All weather walk: Regent’s Park, Primrose Hill, Camden and the Canal.

Hello Sherlock, it has been a while.  I give tours about you Sherlock, and COVID has put that all to bed.  The tourists are far beyond our borders, our borders are closed.  In this time, when it is so easy to get really down and feel hopeless, I am for a walk, a long walk, that begins with you.  Baker Street is a charming Tube Stop, all old and slopey with Wooden staircases leading to different exits.  Normally its bustling with tourists, crowded with tourists for this destination serves two, unique London favourites.  Madam Tussauds, and the man himself – Sherlock Holmes.

I know him intimately and when lockdown fades, can take you to all tales and secrets, and even his ‘home’, at 221B Baker Street. You have no idea how many times I am stopped with enquiries to the home of Sherlock. Bless them.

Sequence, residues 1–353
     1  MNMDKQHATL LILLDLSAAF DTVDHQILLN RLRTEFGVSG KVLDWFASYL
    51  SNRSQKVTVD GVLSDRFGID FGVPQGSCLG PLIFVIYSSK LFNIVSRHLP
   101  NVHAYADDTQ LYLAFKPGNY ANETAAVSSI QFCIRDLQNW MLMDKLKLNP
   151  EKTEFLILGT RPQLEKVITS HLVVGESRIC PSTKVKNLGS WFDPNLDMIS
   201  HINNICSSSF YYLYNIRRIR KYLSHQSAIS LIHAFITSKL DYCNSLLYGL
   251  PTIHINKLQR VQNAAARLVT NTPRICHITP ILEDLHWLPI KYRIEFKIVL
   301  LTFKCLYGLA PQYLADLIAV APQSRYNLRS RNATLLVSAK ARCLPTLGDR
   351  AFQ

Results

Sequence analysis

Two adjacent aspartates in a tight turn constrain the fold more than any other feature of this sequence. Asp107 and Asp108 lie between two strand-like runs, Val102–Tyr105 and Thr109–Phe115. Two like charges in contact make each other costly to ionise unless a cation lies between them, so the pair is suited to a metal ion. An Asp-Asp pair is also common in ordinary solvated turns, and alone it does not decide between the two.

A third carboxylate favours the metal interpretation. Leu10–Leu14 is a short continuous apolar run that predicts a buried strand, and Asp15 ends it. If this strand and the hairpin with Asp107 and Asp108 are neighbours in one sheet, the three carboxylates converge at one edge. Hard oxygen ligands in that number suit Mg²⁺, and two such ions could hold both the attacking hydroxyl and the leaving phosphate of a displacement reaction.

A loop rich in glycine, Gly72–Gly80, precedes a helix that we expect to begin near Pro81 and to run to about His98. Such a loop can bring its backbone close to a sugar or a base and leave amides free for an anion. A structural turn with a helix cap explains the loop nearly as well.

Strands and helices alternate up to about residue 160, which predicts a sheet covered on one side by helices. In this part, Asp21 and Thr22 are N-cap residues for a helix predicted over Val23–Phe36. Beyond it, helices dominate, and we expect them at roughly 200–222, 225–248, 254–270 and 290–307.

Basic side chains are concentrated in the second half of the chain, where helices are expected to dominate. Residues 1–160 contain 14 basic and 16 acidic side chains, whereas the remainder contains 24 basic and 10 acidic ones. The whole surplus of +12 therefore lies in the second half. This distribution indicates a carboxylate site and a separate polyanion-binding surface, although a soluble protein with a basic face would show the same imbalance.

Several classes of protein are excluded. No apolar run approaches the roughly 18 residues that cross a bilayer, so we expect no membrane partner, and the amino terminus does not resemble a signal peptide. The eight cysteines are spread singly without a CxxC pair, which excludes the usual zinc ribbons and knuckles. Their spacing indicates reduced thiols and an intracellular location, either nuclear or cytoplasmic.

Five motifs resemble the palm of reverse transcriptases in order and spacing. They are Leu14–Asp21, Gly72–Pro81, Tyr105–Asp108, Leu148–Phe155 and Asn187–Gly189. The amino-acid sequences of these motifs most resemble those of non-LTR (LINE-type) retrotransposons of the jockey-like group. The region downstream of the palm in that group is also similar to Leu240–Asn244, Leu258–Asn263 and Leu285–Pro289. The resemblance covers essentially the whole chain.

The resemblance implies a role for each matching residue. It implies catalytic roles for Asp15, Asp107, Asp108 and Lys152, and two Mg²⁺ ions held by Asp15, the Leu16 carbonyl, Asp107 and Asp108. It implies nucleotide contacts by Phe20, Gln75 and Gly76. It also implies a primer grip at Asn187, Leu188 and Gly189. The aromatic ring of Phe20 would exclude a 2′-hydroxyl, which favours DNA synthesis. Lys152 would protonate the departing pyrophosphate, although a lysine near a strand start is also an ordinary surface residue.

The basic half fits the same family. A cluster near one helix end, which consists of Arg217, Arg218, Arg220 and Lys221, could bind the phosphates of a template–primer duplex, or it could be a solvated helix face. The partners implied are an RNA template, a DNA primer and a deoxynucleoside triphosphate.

Where most people recoil from the unpredictable, and gloomy November weather, I love the bracing sharpness that makes walking so much easier.  Clouds of electric blue, dispersed with shots of gun metal gray, and then, the shards of light from a watery sun that turns the sodden leaves to nuggets of gold – the intensity of uncharacteristic seasons all bundled up together, is exhilarating.  As is Regent’s Park, any time of the year.